Shin splints, or MTSS, occurs most frequently in specific groups of the athletic population, accounting for 13-20 percent of injuries in runners and up to 35 percent in military service members. Medial tibial stress syndrome is characterized as pain along the posterior-medial border of the lower half of the tibia, which is active during exercise and generally inactive during rest. Athletes describe feeling discomfort along the lower front half of the leg or shin. Palpation along the medial tibia can usually recreate the pain.
There are two main speculated causes for medial tibial stress syndrome. The first is that contracting leg muscles place a repeated strain upon the medial portion of the tibia, producing inflammation of the periosteal outer layer of bone, commonly known as periostitis. While the pain of a shin splint is felt along the anterior leg, the muscles located around this region are the posterior calf muscles. The tibialis posterior, flexor digitorum longus, and the soleus all emerge from the posterior-medial section of the proximal half of the tibia. As a result, the traction force from these muscles on the tibia probably arenâ€™t the cause of the pain generally experienced on the distal portion of the leg.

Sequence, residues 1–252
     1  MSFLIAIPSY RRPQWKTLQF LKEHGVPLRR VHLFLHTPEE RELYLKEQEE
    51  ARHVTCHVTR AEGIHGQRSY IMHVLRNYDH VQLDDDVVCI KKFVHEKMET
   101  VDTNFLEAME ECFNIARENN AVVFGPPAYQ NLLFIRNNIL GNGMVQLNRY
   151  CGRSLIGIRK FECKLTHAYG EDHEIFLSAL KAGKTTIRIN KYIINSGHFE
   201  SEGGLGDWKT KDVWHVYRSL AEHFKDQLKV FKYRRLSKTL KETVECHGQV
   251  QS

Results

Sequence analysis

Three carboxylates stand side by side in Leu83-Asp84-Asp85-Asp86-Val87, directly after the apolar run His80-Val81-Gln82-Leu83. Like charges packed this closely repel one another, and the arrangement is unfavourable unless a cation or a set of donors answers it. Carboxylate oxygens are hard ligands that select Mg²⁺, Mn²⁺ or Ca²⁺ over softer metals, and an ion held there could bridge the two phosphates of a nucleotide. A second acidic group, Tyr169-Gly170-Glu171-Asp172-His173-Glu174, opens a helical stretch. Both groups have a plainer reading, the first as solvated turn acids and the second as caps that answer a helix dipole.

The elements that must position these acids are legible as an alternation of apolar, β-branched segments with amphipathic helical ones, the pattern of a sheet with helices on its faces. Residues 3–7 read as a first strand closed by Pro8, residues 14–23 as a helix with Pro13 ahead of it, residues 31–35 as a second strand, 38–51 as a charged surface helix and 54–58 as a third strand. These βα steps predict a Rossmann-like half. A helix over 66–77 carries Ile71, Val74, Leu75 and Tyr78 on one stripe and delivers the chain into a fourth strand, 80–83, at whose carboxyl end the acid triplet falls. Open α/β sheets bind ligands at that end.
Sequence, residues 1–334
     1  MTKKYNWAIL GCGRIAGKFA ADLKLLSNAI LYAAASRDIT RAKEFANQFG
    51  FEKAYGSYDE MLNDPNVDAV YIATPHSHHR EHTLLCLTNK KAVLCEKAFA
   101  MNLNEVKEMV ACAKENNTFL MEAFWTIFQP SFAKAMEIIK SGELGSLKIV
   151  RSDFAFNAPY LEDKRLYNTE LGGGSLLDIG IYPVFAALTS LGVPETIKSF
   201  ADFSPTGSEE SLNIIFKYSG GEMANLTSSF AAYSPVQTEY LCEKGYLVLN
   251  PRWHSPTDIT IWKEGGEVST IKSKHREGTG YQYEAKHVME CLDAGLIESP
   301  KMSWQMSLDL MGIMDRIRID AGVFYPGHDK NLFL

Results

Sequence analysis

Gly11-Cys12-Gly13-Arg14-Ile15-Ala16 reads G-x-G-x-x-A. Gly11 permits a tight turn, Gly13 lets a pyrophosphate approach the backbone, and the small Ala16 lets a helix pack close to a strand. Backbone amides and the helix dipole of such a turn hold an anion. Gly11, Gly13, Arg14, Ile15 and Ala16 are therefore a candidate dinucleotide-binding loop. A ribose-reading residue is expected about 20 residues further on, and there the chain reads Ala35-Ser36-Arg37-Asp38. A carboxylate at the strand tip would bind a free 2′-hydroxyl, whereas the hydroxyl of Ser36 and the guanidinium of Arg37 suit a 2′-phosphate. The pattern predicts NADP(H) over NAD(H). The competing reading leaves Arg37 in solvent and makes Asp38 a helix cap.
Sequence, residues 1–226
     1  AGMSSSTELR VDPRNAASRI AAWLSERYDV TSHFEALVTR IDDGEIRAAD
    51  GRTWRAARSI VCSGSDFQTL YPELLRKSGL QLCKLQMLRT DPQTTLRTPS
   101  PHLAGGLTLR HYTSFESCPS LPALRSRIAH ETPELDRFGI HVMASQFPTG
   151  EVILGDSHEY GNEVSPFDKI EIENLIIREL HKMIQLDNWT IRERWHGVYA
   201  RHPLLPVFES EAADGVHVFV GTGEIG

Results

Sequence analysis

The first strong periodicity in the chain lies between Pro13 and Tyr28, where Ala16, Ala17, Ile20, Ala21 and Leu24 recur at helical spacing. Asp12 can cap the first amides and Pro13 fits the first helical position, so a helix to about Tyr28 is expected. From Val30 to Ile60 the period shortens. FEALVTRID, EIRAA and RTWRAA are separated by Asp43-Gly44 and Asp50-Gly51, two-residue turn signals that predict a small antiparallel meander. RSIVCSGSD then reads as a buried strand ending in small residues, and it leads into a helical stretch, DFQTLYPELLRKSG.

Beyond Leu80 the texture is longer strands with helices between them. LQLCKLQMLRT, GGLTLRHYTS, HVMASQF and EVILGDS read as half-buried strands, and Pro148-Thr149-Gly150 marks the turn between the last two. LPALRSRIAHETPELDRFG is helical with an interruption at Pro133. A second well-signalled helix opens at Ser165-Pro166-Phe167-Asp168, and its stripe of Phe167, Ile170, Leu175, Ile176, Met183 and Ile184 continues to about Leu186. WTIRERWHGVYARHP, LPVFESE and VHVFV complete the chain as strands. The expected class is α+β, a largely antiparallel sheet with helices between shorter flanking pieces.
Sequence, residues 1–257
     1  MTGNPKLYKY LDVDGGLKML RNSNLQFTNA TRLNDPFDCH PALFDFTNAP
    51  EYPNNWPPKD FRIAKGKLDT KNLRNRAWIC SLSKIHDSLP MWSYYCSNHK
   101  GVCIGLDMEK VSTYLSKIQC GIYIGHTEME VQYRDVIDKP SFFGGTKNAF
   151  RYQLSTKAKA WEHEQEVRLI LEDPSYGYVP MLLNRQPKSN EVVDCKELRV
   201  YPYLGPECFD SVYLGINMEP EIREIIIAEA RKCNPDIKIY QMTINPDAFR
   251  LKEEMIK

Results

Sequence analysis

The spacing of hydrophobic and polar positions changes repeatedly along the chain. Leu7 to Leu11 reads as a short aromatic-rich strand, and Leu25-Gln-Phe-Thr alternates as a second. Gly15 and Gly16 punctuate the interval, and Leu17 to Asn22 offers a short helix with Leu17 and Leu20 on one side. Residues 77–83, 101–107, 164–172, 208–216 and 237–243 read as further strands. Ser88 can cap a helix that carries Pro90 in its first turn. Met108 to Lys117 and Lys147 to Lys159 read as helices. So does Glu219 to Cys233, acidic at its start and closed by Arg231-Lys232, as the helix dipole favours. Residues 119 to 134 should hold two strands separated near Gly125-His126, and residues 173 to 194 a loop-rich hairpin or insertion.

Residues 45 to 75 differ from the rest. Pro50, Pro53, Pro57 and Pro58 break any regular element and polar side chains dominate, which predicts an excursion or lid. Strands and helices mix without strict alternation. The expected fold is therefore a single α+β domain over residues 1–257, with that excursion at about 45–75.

Another theory of this tension is that the deep crural fascia, or the DCF, the tough, connective tissue which surrounds the deep posterior muscles of the leg, may pull excessively on the tibia, causing trauma to the bone. Researchers at the University of Honolulu evaluated a single leg from 5 male and 11 female adult cadavers. Through the study, they confirmed that in these specimens, the muscles of the posterior section of muscles was introduced above the portion of the leg that is usually painful in medial tibial stress syndrome and the deep crural fascia did indeed attach on the entire length of the medial tibia.
Doctors at the Swedish Medical Centre in Seattle, Washington believed that, given the anatomy, the tension from the posterior calf muscles could produce a similar strain on the tibia at the insertion of the DCF, causing injury.
Medial tibial stress syndrome, commonly referred to as shin splints, is not considered to be a medically serious condition, however, it can challenge an athleteâ€™s performance. Approximately 5 percent of all sports injuries are diagnosed as medial tibial stress syndrome, or MTSS for short. For more information, please feel free to ask Dr. Jimenez or contact us at (915) 850-0900.Â
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